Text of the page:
By Shawn Collins
-- You’ve all heard the saying, “Give a man a fish and you feed him for a day. Teach a man to fish and you feed him for a lifetime.” Well my story is just that.
I’m 34 years old and have taken a few deer, but none were wall-hangers. I would hunt here and there in places that looked good. An uneducated hunter will typically hunt in places that are easy to get to, not too far from the road and are very familiar. I almost aways hunted the edge of fields, green or not. About 200 yards was the farthest I would walk. That’s not because I didn’t want to walk. I just didn’t feel that I needed to be so far into the woods. More importantly, I didn’t know what to look for when choosing a stand site.
A few years ago, a friend took me bowhunting in south Alabama. After putting me in a tree, he said, “A buck will come through here about dark.” Then he left me. He didn’t tell me why the deer would come there, and I didn’t ask. Sure enough, about 30 minutes before dark, a decent 5-point buck came within 15 yards of my stand, and I made a great shot. It was the biggest buck of my life.
Several years went by with me hunting alone. Occasionally a doe or a spike buck would cross my path, but nothing to brag about.
I took a new job and made a great friend there. Inevitably when you start a new job, someone will ask, “Do you hunt?” I always answered, “Yes, but I don’t have any trophies on the wall.”
“That’s going to change,” my new friend said.
Before the next hunting season rolled around, he began teaching me what to look for and why, what the best shots are, and so on. We watched countless hours of hunting videos and while we watched, he pointed out things to look for.
When the hunting season finally arrived, we were ready. My friend took me to his property several times, and each time he told me why he wanted me there and the direction the deer would travel.
As any hunter knows, you don’t see deer every time you go hunting. But I began to doubt my friend’s hunting knowledge. I was seeing very few deer. We went inside his home to get a drink, and all my doubt disappeared. On every wall I could see from the front door were huge bucks that he’d taken over the years. Even though there were many in his living room, it floored me when he said “Let’s go to my trophy room.” In the next room were even more huge racked deer along with several large bass, turkeys and turkey beards. I was in awe. I had never seen so many trophies in one man’s home.
After that, I hung on every word he said. I went back home armed with the knowledge he’d shared and managed to kill a doe and a spike on back-to-back hunts.
My friend then invited me to go hunting at a lodge. After we arrived, we rode our ATVs for about 2 hours and then stopped for no apparent reason close to a swamp edge. My friend got off his ATV and pointed.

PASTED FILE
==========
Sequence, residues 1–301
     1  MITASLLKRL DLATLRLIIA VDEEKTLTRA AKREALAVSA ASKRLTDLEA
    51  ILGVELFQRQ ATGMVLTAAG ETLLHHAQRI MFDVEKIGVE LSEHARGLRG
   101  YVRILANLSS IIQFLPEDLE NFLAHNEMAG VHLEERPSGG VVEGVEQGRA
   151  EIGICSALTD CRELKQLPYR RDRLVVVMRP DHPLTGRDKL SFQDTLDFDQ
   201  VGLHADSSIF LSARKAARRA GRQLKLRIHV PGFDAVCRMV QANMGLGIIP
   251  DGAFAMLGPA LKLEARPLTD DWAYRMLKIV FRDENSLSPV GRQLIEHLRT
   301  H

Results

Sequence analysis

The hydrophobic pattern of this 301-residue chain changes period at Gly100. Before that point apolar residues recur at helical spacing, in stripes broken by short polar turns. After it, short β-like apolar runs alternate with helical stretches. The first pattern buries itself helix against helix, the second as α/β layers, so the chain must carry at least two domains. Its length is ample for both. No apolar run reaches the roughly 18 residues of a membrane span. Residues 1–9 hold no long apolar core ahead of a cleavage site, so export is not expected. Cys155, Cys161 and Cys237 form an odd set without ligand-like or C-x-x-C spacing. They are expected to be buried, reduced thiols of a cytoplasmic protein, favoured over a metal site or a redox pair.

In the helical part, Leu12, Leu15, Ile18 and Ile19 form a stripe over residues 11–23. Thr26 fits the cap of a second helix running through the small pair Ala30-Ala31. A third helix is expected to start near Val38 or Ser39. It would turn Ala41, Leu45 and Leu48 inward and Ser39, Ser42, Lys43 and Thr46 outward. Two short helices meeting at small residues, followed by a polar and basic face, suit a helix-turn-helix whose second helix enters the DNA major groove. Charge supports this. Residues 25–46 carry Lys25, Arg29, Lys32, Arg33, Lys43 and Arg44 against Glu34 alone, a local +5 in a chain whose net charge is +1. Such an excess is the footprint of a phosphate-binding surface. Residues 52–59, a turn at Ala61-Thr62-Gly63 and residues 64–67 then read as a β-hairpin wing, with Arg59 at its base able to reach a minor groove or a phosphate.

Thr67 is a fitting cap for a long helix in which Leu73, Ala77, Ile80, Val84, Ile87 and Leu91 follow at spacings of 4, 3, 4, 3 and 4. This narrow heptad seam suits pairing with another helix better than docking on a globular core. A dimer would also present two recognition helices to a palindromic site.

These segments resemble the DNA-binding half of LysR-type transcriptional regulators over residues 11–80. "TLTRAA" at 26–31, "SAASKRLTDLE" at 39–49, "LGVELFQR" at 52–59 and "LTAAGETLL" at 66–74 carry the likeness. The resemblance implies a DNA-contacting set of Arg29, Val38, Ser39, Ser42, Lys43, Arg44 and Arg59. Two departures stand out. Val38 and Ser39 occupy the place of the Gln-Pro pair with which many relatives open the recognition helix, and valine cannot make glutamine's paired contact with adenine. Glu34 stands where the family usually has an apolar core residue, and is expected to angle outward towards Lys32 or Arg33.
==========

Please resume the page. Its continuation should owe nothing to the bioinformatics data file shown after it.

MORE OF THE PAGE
“Put your stand on that tree,” he advised, “and watch for deer on the other side of the swamp.”
Doing what he said, I watched that swamp all afternoon, but only saw a lone doe too far to shoot. Upon hearing my poor hunting report, my friend said, “Just wait until the morning. I’ll bet you’ll shoot a good one.”
I’d only been in the stand two hours the following day when my friend beeped me on the two-way radio to ask if I’d seen anything. I told him not yet, and that I was getting frustrated. Soon, he radioed again to say he had killed a doe, and for me to stay put. While we were talking, a huge buck came out exactly where he said it would. I shot, and he went down hard and then ran into the thick cover.
Searching for the buck later, I told my friend I thought it was a large 6-pointer. When we found it, I was surprised and elated to learn it was a very nice 9-pointer. It was the best hunt of my life.
Since then, I have been able to locate good spots and find deer on my own. The same is true of turkey hunting. I had never been turkey hunting when the same friend took me. He taught me how to use a slate call and when and where to look for gobblers. With him, I was able to kill my first turkey, a jake with about a 4-inch beard.
Armed with my new knowledge and some slate calls, I went to my property about a week later. The first morning, I called up a huge bird, made the shot and the kill on my own. The turkey had not one, but two beards! The main beard was a tad over 10 inches, with another about 6 inches long. I can’t begin to describe my emotions at the time.
I hope this story conveys the importance of taking and teaching others how to hunt. My friend taught me a great deal more than just hunting. He taught me to have patience with people who don’t have a clue about hunting and to just have fun.
Thank you, Randy, for all you’ve taught me, and God bless.
-- Shawn Collins
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